Fishing & Boating News

Sea Center Hatchery Production Tops 25 Million

excerpts from TPW News

by: Texas Parks & Wildlife Dept St,

(July 20, 1998 - LAKE JACKSON, Texas) The concept of supply and demand applies as much to fishing on the Texas coast as to any commodity. Fortunately for anglers, the fish market is excellent these days.

Barely into its second year of production, Sea Center Texas has bridged the gap between supply and demand of red drum and speckled trout for recreational angling, and this week celebrates another milestone with the release of the 25 millionth fingerling cultivated here at this world class marine fish hatchery.

The latest release took place at Sy's Ramp, north of Brazosport, where coincidentally many of the initial red drum restoration stockings occurred using fingerlings produced nearby in the Dow Chemical Company's experimental hatchery ponds during the 1980s.

Since the first marine fish hatchery opened on the Texas coast in 1982, Texas Parks and Wildlife's (TPW) primary management goal has been to enhance fisheries populations at a level that would offset calamities like red tides and freezes, and supplement years of poor natural reproduction. As the resource strengthened, though, so did angling pressure. Fish production at the Marine Development Center in Flour Bluff and the Perry R. Bass hatchery in Palacios, along with conservative harvest regulations enabled the resource to hold its ground, although red drum and seatrout populations rarely met what biologists believed to be the ecosystem's potential.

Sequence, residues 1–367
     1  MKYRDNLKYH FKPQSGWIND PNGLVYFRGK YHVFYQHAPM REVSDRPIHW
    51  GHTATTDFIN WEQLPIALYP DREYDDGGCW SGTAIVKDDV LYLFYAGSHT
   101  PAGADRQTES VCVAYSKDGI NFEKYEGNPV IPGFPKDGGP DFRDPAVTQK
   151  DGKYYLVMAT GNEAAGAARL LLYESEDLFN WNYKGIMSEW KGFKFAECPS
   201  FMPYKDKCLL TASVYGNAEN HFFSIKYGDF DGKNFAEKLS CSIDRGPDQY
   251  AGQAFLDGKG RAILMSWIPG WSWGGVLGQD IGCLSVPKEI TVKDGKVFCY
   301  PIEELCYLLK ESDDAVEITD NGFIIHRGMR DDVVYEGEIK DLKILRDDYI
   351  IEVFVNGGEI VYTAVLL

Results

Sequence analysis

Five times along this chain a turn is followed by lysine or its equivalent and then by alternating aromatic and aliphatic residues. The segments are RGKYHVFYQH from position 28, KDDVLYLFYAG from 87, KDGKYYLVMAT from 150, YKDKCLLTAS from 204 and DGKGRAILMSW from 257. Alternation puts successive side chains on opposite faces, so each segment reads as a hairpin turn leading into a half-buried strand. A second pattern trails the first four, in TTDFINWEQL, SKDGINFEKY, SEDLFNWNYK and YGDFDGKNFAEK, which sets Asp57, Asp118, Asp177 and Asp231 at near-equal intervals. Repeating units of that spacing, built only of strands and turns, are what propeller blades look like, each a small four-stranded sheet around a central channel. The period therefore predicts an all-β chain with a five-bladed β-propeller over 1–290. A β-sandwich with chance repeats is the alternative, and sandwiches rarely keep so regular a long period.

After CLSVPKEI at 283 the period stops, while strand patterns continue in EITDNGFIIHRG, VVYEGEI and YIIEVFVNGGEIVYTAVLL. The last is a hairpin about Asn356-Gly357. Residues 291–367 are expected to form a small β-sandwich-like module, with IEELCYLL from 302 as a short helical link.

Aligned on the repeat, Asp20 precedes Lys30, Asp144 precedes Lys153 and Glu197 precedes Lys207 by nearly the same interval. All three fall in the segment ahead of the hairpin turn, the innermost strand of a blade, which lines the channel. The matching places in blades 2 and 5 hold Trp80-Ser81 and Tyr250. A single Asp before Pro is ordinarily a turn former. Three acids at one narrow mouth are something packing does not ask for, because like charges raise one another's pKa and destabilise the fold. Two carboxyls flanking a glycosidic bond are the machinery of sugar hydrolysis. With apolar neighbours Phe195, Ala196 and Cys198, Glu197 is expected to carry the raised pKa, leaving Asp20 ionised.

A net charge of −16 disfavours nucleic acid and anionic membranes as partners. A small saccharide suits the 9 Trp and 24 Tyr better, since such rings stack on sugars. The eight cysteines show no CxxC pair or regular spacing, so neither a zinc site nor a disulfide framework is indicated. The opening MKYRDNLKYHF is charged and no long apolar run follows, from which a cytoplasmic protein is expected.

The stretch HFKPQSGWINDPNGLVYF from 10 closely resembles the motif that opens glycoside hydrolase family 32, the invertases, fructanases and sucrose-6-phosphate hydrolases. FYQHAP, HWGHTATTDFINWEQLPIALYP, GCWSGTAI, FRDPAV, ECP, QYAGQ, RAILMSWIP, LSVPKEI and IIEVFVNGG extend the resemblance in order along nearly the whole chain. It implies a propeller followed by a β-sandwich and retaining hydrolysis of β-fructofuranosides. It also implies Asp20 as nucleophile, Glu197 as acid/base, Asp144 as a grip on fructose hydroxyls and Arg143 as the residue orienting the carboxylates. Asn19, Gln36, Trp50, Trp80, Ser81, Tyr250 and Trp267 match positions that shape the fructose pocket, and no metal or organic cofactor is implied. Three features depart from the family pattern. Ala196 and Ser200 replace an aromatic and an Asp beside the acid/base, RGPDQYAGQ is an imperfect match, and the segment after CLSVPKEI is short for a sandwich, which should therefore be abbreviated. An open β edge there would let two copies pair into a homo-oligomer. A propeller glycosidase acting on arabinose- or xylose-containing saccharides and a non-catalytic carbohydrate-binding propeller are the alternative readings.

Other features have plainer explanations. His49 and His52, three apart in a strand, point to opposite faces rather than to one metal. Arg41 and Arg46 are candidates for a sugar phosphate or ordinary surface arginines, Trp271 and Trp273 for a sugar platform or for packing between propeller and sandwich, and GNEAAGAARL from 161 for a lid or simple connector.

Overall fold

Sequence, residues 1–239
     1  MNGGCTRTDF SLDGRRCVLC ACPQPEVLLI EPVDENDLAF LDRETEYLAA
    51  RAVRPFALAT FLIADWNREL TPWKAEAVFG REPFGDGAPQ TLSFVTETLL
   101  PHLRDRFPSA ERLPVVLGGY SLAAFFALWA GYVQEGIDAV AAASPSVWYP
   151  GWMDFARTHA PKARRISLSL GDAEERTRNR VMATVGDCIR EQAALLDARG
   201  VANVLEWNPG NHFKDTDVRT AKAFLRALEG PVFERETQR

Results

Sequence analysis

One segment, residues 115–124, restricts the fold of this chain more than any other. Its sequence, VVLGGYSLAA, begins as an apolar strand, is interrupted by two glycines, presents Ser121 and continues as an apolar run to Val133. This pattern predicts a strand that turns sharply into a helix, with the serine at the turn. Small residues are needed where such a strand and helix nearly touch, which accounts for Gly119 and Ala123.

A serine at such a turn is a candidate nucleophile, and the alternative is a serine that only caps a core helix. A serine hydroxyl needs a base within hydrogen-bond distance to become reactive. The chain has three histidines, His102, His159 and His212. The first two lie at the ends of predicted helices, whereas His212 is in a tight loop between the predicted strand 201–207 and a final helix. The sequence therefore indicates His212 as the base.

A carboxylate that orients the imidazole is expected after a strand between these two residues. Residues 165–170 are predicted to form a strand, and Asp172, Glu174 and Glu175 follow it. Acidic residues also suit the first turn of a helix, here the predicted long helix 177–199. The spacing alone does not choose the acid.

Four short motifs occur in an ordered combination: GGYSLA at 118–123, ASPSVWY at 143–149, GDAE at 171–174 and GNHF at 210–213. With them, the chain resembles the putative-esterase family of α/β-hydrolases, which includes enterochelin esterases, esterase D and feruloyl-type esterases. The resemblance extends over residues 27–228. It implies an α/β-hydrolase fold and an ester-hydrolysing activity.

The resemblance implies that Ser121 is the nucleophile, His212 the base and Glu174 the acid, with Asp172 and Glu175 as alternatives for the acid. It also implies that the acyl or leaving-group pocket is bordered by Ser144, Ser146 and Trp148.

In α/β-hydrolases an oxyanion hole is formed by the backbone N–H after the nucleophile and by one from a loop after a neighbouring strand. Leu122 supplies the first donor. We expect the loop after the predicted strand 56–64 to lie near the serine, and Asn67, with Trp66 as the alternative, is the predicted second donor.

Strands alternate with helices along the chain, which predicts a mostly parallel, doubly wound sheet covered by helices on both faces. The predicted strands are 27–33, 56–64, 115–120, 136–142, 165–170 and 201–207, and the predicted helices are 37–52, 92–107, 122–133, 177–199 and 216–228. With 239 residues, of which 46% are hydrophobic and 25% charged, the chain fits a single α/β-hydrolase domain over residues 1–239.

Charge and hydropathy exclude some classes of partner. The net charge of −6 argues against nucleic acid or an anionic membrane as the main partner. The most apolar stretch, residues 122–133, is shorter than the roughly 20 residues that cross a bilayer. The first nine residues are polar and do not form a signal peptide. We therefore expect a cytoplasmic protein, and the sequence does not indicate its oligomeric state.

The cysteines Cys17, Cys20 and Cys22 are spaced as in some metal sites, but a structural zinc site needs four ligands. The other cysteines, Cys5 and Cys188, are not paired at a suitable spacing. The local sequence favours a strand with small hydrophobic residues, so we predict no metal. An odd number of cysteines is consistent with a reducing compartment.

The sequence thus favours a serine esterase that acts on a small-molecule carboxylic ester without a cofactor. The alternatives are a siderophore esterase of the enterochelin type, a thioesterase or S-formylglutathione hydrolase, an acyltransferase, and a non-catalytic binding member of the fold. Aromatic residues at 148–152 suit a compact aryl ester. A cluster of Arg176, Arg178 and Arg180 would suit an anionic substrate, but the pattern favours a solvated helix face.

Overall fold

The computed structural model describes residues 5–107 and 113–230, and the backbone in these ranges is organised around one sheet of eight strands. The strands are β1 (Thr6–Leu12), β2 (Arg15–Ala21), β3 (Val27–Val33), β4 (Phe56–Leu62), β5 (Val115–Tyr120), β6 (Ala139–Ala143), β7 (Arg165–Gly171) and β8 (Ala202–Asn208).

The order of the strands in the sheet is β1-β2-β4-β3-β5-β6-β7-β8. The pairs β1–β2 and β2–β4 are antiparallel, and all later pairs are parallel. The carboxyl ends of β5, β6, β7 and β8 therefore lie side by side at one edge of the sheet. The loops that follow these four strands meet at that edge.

With the outstanding production thus far at Sea Center, officials now feel confident that potential can be reached. "We were estimating Sea Center could produce between 10 and 15 million fingerlings in a typical year," said Robert Vega, TPW's director of coastal hatcheries. "For them to have produced 25 million so far is quite an accomplishment. This puts us in great shape."

During previous years, the demand for fish stockings usually exceeded the production. Bay systems whose fish populations were impacted by freezes or red tides were restocking priorities and often took several years to recover.

"Now, we can go back in right after red tide and freeze episodes and replenish populations," explained Mike Ray, director of field operations for TPW's coastal fisheries division. "With our increased fingerling production capacity, we can also concentrate more effort on producing other species that may need help in the future, such as flounder, tarpon or sheepshead."

The red drum being stocked this week were among the second cycle of fish produced this year at Sea Center. Back in the spring, the hatchery produced about 3 million Galveston Bay seatrout. A third batch of about 2 million trout is scheduled for production this fall.